He'll also attend New Line Studios live reading of his upcoming script "The Great Unknown," based on the graphic novel by Duncan Rouleau. Also attending will be the project's director Jorma Taccone ("MacGruber.") The project is a low-fi action comedy about a daydreaming slacker convinced that telepathic thieves are stealing all his great ideas.
Star Tribune photo by Tom Wallace
Designed by Joan M. Soranno and John Cook, vice presidents of HGA Architects and Engineers (HGA), the Lakewood Cemetery Garden Mausoleum is a breakthrough concept in funerary architecture, a serenely minimalist building nestled into a hillside overlooking a reflecting pool in a garden-like Minneapolis cemetery.
Soranno was the Star Tribune's 2013 Artist of the Year.
It was given a national 2014 AIA Honor Award for Architecture, top recognition in the field. Nearly 3/4 of the 24,000 sq. ft. building is concealed in the hillside, yet the white interior is suffused with light from skylights and south-facing windows. The exterior is clad in gray granite and the entrance surrounded with an abstract mosaic in white-marble.
This is the second AIA Honor Award won by the Soranno-Cook team and the fifth for the HGA firm. Prevous AIA Honor Awards went to HGA's designs for the Bigelow Chapel at the United Theological Seminary in New Brighton, MN (2006; also by Soranno and Cook); the Colonial Church of Edina in Edina, MN (1980); New Melleray Abbey in Dubuque, Iowa (1977); and Saint Bede's Priory in Eau Claire, Wisconsin (1967).
The Garden Mausoleum has won 26 additional awards including the Chicago Athenaeum: Museum of Architecture and Design National Honor Award, and the IIDA Best of Competition Award.
See a Star Tribune video of Cook interviewing Soranno here.
Sorry, Minnesota fans, the Replacements didn’t make into the Rock and Roll Hall of Fame in their first appearance on the ballot. But Nirvana, Linda Ronstadt and Hall & Oates all landed in the Hall in their first time facing voters, it was announced late Monday.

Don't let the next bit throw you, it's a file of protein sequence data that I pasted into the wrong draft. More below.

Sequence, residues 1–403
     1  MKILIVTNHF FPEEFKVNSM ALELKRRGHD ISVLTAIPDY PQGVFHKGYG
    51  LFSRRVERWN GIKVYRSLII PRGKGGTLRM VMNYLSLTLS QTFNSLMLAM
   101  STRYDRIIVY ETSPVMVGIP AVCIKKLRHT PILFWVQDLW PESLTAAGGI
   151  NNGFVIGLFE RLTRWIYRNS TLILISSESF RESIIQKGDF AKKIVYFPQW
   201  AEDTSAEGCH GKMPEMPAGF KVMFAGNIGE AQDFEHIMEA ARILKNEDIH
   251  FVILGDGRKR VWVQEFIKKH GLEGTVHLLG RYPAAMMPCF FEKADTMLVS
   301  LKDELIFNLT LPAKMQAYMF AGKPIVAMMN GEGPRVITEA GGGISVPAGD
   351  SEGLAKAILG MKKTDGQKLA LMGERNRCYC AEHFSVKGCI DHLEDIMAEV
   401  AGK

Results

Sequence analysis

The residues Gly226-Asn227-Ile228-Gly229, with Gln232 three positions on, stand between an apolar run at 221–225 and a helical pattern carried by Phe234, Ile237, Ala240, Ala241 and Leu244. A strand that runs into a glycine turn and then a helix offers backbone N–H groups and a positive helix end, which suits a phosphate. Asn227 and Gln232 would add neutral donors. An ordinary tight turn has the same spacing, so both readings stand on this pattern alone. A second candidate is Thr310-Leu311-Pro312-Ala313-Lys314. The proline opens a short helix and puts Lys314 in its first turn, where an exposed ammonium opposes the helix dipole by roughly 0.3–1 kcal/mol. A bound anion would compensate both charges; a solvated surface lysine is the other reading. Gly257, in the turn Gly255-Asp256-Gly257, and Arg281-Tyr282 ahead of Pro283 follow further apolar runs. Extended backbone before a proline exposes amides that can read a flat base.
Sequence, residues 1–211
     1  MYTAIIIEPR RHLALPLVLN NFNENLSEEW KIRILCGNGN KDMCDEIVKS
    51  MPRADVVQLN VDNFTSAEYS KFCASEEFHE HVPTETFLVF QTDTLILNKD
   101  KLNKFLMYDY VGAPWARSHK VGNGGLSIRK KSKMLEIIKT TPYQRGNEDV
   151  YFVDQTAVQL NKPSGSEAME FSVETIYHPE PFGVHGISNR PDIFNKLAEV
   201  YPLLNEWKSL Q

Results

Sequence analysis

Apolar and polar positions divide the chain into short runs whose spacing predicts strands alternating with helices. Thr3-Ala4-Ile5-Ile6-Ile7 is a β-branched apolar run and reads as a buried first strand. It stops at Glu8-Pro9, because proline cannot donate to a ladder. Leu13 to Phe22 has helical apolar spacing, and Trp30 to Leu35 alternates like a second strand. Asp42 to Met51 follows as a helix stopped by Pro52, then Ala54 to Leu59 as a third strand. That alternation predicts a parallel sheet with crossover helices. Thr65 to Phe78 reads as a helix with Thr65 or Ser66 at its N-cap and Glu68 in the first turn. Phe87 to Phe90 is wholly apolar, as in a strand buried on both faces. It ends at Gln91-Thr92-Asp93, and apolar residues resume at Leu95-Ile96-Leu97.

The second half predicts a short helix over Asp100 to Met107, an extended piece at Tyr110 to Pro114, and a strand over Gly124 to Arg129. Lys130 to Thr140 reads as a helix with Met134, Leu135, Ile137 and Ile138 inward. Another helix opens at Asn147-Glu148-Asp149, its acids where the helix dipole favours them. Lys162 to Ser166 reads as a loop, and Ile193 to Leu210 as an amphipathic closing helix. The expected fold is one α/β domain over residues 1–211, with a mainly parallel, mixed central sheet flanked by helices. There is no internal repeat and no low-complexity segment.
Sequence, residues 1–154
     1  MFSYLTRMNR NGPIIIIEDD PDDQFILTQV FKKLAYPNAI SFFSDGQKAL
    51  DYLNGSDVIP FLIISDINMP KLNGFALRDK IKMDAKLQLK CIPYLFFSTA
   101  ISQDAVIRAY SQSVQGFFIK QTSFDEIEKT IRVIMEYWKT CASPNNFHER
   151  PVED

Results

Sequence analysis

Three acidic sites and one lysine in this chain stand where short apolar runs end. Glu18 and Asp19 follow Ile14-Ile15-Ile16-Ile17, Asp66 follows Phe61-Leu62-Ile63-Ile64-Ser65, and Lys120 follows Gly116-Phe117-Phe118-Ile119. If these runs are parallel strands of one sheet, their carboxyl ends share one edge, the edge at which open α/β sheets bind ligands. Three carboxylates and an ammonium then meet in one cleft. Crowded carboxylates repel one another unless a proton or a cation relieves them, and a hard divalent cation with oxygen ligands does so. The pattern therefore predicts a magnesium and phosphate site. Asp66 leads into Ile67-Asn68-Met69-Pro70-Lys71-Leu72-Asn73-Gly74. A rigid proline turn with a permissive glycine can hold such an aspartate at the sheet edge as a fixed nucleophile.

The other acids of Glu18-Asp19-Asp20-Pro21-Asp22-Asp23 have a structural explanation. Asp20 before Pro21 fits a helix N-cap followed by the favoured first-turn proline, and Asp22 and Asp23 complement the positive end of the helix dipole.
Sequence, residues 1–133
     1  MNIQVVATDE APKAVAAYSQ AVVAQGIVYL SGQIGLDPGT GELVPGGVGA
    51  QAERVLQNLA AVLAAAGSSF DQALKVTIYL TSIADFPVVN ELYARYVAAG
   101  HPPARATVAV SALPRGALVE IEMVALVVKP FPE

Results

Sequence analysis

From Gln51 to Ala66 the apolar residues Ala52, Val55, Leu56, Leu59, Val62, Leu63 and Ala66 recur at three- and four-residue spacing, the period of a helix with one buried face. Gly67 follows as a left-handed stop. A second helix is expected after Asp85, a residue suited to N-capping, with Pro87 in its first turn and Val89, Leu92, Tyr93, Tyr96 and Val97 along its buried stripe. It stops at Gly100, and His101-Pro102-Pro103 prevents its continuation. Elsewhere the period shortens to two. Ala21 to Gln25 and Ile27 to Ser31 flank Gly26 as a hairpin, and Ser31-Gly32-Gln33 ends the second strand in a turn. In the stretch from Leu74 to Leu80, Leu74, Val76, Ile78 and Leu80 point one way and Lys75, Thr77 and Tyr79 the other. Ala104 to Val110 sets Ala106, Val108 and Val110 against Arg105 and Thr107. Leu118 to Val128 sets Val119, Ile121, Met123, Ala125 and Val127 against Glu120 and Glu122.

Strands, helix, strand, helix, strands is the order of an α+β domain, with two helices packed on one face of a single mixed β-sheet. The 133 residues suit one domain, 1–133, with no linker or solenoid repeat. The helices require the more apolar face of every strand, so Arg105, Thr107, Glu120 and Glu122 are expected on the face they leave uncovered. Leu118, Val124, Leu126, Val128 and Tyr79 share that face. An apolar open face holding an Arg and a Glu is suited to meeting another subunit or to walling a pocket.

Also voted in were Kiss, Cat Stevens and Peter Gabriel (who is also in the Hall as a member of Genesis).
This year’s inductees prove what critics of the Hall of Fame election process have been saying for years: Put qualified nominees on the ballot and let the voters decide.
Ronstadt had been eligible since 1994 but had never been on the ballot. Similarly, Hall & Oates have been eligible since ‘97 but the hall’s nominating committee had never put them up for a vote. An act is eligible 25 years after releasing its first record. Hence, this was Nirvana’s first year of eligibility and, to no one’s surprise, they got elected.
In the non-performer category, former Beatles manager Brian Epstein and former Rolling Stones manager/producer Andrew Loog Oldham were named to the Hall of Fame by a special committee.
Similarly, the E Street Band, Bruce Springsteen’s backup group, is being honored by the committee for “musical excellence.” Springsteen’s first album was billed as a solo disc, thus only he was named to the Hall of Fame in 1999.
The Replacements, the Minneapolis band that bridged the gap between the punk and grunge eras, were among the nine acts on the ballot that did not receive enough votes from more than 600 critics, musicians and industry workers. The Mats were eligible in 2006 but this was their first time on the ballot.
The Hall of Fame has never been transparent about how the nominating and voting process works. More than 700 musicians, industry works and critics (including me) vote. No write-ins are allowed.
The 29th annual induction ceremonies will be April 10 in Brooklyn at the Barclays Center – the first ceremonies ever open to the public.